image

    Time‐courses of [125I]hAβ(1‐40) transport (a) and uptake (b) in conditionally immortalized rat choroid plexus epithelial cell line (TR‐CSFB3) cells cultured on Transwells. (a) [125I]hAβ(1‐40) was added to the apical side, squares; to the basal side, circles. Clearance with TR‐CSFB3 cells, closed symbols; clearance without TR‐CSFB3 cells, open symbols. (b) [125I]hAβ(1‐40) uptake following application to the apical side, squares; to the basal side, circles. Each point represents the mean ± SEM (n = 3). Where error bars are not shown, they are smaller than the symbol.

    As shown in Fig. 3b, [125I]hAβ(1‐40) accumulation in TR‐CSFB3 cells was concentrative and time‐dependent in both directions. The cellular accumulation of [125I]hAβ(1‐40), determined at 10 min, was 8.57‐fold greater in the apical‐to‐cell direction (67.9 ± 4.0 μL/mg protein) than in the basal‐to‐cell direction (7.92 ± 0.45 μL/mg protein).

    Discussion

    The present study demonstrates that hAβ(1‐40) was eliminated from CSF after ICV administration (Fig. 1). The elimination rate constant of hAβ(1‐40) was greater than that of inulin, which reflects CSF bulk flow (Fig. 1), and the elimination was inhibited by excess unlabeled hAβ(1‐40) (Table 2). These results indicate that a carrier‐mediated process is involved in the elimination of hAβ(1‐40) from the CSF. Other possible mechanisms of elimination include diffusion back into the brain parenchyma and/or binding and transport to cells in the ventricular space, such as choroid plexus epithelial cells and ependymal cells. A 125I autoradiogram of brain slices 30 min after administration of [125I]hAβ(1‐40) into the lateral ventricle showed an intense signal in choroid plexus, but the signal decreased sharply from the ependymal border to the adjacent brain (Ghersi‐Egea et al. 1996). This suggests that the process of diffusion into the brain parenchyma would have had a limited impact on elimination within the period (30 min) of our experiments.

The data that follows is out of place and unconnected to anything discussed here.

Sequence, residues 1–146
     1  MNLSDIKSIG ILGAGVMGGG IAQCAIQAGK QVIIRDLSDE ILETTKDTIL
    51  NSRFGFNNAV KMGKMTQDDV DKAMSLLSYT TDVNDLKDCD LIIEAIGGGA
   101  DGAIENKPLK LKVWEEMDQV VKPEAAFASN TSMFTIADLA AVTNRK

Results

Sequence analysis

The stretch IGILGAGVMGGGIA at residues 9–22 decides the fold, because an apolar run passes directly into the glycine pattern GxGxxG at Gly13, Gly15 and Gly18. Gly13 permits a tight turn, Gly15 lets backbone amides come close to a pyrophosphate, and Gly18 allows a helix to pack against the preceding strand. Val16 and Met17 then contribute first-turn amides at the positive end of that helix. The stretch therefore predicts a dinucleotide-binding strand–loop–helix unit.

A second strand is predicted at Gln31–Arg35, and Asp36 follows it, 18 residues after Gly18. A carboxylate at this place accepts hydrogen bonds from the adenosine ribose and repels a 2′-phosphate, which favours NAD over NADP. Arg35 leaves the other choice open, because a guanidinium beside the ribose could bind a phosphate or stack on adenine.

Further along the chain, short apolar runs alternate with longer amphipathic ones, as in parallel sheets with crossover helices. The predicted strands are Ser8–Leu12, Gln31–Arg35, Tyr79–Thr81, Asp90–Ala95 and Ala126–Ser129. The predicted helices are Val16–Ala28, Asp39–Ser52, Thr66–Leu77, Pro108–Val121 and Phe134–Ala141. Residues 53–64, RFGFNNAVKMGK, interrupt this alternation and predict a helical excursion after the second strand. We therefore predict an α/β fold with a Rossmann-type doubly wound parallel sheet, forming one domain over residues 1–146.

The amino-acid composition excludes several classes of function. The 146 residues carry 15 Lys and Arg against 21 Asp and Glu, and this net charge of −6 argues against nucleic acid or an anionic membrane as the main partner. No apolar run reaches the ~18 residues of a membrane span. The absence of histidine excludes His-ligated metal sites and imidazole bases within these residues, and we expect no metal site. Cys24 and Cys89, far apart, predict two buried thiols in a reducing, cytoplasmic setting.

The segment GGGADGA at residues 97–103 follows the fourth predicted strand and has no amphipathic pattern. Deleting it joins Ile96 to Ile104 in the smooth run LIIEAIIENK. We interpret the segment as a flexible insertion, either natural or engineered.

As shown in Table 2, LRP competitive ligands (RAP and α2M*) inhibited the elimination of hAβ(1‐40) from CSF, suggesting the involvement of LRP in the elimination process. The co‐administered LRP ligands would presumably also be eliminated from the CSF, resulting in attenuation of the inhibitory effect. However, the Kd values of RAP and α2M* toward LRP1 were reported to be 1–10 nM (Wu and Pizzo 1996; Kanekiyo and Bu 2009), and the concentrations of RAP and α2M* in the CSF was estimated to be 230 nM and 18 nM, respectively, on the basis of 23‐fold dilution of the injected concentrations, as described in Materials and methods. These concentrations of ligands in CSF would be expected to show an inhibitory effect on LRP1 even if 70% of each ligand was eliminated from the CSF, as was the case for [125I]hAβ(1‐40).

    It is necessary to rule out the possibility that the inhibitory effect resulted from binding of hAβ(1‐40) to the co‐administered LRP ligand, as RAP or α2M* was reported to show complex formation with hAβ(1‐40) (Narita et al. 1997; Kanekiyo and Bu 2009; Kerr et al. 2010). However, only a small part (approximately 15%, estimated from peak height) of hAβ(1‐40) was reported to be bound to RAP after incubation with [125I]hAβ(1‐40) (500 nM) and RAP (2.5 μM) for 2 h at 37°C (Kanekiyo and Bu 2009). As for the complex formation of [125I]hAβ(1‐40) and α2M*, we could not detect any complex formation by gel filtration chromatography after incubation of [125I]hAβ(1‐40) (25 nM) and α2M* (2.5 nM) at 4°C for 3 h (data not shown). In the present study, the mixtures of [125I]hAβ(1‐40) and each LRP ligand were kept at 4°C for less than 2 h before injection. However, the possibility that LRP ligand bound [125I]hAβ(1‐40) after the injection cannot be excluded, and it is also possible that other carrier proteins in the CSF influence the interaction of LRP ligand with [125I]hAβ(1‐40).